Bobby Foster


Bobby D. Foster is first-generation Cuban-American who grew up in Miami. At 18, he stamped his passport, crossed into the U.S., and has since lived in New York, Boston, and D.C. The Washington Pastime Literary Magazine published his short story titled “The Abolition of Satire.” Defenestration Magazine has published another, “The Approval of Congress.” He has also published several high-brow Buzzfeed pieces such as "The Art of Cuban Cursing" and "How to Not Be a Douchebag to Cuban-Americans." Bobby has a real job and a real name that he chooses not to share with others. A cursory glance through his work will explain why.

The Miami Creation Myth

Eons ago, long before the world was created, long before there were people, or animals, or trees, or the immeasurable ocean to the east, or the endless Everglades to the west, or the great mountain of Tropical Park, or pastelitos, or Radio Mambí, there was only darkness and cold. And in this darkness slept Pachango the Creator, on his divine pin pan pun. Pachango shivered in the dark and the cold, and after time unknowable, awoke from his slumber and uttered the first, the holiest of all words in existence.

“¡Coño!” he cried, sitting up slowly and rubbing his arms for warmth. “¡Que frio!

And so, Pachango resolved to fill the universe with heat to expel the cold and light to turn back the darkness. He crossed his legs on the divine pin pan pun and meditated on heat and light until a great, burning, orange ball of fire we call the sun emerged from the abyss and lit the entirety of the universe.

Pero que cosa más grande,” marveled Pachango, gazing upon the majesty of his work. As the darkness retreated to the farthest edges of the world, Pachango surveyed the universe and noticed how empty it was.

Esto lo voy a resolver,” declared Pachango, and he made up his mind to fill the world with the most beautiful new creations he could imagine.

Just then, Caridad, Pachango’s mother and the most powerful entity in existence, kicked down the celestial door to the universe and proceeded to berate her son.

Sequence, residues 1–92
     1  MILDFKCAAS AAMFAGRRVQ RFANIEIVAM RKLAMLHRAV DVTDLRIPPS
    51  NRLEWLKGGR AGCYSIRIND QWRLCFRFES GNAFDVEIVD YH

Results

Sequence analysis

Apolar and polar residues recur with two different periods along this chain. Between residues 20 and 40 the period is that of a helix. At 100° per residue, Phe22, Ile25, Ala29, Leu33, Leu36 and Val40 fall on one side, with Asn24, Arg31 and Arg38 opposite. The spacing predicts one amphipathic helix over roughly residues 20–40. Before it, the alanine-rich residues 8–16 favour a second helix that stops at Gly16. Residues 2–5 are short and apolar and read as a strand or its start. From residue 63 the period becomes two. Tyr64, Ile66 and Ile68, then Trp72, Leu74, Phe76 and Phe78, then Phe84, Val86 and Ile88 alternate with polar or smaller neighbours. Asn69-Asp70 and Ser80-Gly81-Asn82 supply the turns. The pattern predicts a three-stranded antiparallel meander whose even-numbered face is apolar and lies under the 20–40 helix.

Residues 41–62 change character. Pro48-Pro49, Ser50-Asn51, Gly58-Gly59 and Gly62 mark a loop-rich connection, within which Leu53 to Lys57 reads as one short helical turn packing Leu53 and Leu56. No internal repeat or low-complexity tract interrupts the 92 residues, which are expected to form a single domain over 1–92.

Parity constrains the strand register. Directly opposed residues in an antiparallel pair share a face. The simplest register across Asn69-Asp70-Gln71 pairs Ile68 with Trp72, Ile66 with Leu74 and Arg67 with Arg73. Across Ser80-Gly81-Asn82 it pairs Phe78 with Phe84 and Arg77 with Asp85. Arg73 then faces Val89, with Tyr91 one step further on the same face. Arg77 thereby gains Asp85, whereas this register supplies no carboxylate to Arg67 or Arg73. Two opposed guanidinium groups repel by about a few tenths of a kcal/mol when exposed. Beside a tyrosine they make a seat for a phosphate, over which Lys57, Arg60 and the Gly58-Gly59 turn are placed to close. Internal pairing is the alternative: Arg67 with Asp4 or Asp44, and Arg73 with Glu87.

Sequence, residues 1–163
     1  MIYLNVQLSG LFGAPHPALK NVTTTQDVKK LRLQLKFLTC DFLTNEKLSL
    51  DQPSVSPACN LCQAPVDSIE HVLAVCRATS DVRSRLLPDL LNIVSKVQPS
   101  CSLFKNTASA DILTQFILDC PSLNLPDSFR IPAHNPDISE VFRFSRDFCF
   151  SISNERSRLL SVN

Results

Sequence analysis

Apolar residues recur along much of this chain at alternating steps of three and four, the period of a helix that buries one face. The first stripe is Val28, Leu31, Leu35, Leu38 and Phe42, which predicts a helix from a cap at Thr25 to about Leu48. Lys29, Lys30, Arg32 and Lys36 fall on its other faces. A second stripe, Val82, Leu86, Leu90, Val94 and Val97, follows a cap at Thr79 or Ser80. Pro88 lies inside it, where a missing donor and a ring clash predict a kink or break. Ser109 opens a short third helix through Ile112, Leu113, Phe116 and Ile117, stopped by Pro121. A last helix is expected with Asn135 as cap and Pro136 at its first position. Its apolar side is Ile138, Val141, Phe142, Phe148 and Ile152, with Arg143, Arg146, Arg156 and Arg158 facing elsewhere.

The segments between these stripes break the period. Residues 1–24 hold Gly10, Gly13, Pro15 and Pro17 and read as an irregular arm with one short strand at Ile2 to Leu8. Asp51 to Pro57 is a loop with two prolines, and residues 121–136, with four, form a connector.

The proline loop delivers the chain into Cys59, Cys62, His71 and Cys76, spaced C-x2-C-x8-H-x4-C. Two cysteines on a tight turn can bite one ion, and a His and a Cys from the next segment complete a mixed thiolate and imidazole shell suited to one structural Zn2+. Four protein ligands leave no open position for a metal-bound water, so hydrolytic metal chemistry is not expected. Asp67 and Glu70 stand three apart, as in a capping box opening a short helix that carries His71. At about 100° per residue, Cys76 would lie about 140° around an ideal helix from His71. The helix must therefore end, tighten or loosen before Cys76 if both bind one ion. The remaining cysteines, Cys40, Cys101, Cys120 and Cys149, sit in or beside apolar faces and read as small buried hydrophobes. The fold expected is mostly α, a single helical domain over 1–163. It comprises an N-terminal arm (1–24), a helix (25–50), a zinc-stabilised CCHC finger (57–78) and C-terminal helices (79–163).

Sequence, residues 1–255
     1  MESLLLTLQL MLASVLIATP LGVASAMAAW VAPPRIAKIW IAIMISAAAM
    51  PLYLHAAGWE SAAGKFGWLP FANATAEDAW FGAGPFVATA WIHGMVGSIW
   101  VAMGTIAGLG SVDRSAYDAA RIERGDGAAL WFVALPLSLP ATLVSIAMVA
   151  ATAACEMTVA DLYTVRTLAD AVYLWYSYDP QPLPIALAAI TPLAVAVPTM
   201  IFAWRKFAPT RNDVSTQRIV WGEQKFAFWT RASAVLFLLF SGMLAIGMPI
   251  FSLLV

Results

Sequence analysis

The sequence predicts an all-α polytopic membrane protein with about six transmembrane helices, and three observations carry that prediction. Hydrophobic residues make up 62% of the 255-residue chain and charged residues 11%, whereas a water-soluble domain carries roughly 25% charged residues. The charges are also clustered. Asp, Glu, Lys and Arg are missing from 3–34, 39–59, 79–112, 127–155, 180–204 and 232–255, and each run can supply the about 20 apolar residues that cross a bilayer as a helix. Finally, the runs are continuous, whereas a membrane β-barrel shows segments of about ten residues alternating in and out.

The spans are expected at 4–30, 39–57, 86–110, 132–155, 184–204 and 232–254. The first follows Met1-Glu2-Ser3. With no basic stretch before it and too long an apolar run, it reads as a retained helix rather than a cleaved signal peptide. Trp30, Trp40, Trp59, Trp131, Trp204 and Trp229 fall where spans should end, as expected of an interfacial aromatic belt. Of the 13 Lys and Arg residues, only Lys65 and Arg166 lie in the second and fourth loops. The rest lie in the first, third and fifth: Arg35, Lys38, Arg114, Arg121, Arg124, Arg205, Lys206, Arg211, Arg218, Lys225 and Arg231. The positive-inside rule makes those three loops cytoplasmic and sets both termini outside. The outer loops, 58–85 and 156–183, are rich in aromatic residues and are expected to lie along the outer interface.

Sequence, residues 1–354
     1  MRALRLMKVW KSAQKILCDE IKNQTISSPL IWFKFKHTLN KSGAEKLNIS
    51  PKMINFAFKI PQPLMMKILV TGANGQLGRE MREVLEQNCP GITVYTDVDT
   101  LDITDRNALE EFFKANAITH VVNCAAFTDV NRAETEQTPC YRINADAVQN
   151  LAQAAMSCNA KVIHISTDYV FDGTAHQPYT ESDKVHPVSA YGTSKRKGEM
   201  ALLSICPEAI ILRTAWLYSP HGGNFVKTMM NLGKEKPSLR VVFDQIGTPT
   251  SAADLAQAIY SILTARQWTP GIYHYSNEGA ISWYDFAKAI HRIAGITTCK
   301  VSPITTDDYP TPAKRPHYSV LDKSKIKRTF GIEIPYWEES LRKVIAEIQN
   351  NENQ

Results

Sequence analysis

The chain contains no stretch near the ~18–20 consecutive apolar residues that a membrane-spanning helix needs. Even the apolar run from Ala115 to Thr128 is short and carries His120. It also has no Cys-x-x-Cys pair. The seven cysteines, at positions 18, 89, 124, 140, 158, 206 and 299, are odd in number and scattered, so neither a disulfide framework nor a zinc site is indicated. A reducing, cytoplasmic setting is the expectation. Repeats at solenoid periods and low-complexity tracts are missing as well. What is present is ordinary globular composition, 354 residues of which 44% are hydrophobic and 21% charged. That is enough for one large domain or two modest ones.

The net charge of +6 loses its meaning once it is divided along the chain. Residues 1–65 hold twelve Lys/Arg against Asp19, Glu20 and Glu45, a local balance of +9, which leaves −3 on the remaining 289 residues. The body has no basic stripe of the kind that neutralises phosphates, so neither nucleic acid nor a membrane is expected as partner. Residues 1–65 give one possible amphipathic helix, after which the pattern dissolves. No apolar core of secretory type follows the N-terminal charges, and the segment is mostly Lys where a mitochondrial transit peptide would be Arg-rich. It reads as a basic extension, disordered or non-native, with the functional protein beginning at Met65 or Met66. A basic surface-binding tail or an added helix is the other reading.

Oye, mi’hijito, ¡yo no soy gerente de la compañía de electricidad! Apaga esa luz o te doy un chancletazo que te parte la cabeza.”

Pachango pleaded with his mother about the importance of the monumental task before him. Caridad, however, would have none of it, and Pachango quickly extinguished the sun as she reached down for her chancleta. Caridad gave a satisfied grunt, walked through the celestial door of the universe, and slammed it behind her.

Greatly demoralized, but unshaken in his resolution, Pachango grabbed the divine pin pan pun, dragged it through the celestial door, and moved to an entirely new universe where his mother would be unable to bother him about the electricity bill.

After reopening the divine pin pan pun, Pachango turned his attention to creating his new universe. He once more meditated on heat and light until a new, even more glorious, golden sun rose above the horizon and illuminated the shapeless void around him. Satisfied with his work, but exhausted from the effort, Pachango laid back on the divine pin pan pun and conjured the first cigar and rum and coke to help him relax.

He took three deep sips from the rum and coke and three deep puffs from the cigar, letting out three large clouds of smoke.

Pachango watched the clouds as they floated over his head. Instead of dissipating, however, they began to swirl and coalesce. He gazed in amazement as they grew arms, and legs, and heads, and eventually transformed into three beautiful siblings: two sisters and one brother. They looked about the formless universe, the burning sun, and their great creator.

Oye constorte, ¿que es todo esto?” asked one of the three.